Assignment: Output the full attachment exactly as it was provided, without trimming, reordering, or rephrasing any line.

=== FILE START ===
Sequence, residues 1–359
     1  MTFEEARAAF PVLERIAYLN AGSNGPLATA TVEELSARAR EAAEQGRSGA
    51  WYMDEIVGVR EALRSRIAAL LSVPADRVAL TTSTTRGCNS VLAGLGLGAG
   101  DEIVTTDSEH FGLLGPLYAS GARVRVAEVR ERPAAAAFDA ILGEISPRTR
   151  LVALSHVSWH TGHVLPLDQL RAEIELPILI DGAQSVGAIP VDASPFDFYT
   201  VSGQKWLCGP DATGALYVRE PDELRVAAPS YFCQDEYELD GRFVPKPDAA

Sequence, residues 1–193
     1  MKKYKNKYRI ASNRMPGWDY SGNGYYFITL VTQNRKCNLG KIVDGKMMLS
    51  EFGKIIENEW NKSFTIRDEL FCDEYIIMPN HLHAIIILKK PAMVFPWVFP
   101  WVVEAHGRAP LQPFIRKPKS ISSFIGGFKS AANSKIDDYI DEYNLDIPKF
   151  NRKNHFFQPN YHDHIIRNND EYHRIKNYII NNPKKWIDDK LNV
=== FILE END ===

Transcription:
Sequence, residues 1–359
     1  MTFEEARAAF PVLERIAYLN AGSNGPLATA TVEELSARAR EAAEQGRSGA
    51  WYMDEIVGVR EALRSRIAAL LSVPADRVAL TTSTTRGCNS VLAGLGLGAG
   101  DEIVTTDSEH FGLLGPLYAS GARVRVAEVR ERPAAAAFDA ILGEISPRTR
   151  LVALSHVSWH TGHVLPLDQL RAEIELPILI DGAQSVGAIP VDASPFDFYT
   201  VSGQKWLCGP DATGALYVRE PDELRVAAPS YFCQDEYELD GRFVPKPDAA

Sequence, residues 1–193
     1  MKKYKNKYRI ASNRMPGWDY SGNGYYFITL VTQNRKCNLG KIVDGKMMLS
    51  EFGKIIENEW NKSFTIRDEL FCDEYIIMPN HLHAIIILKK PAMVFPWVFP
   101  WVVEAHGRAP LQPFIRKPKS ISSFIGGFKS AANSKIDDYI DEYNLDIPKF
   151  NRKNHFFQPN YHDHIIRNND EYHRIKNYII NNPKKWIDDK LNV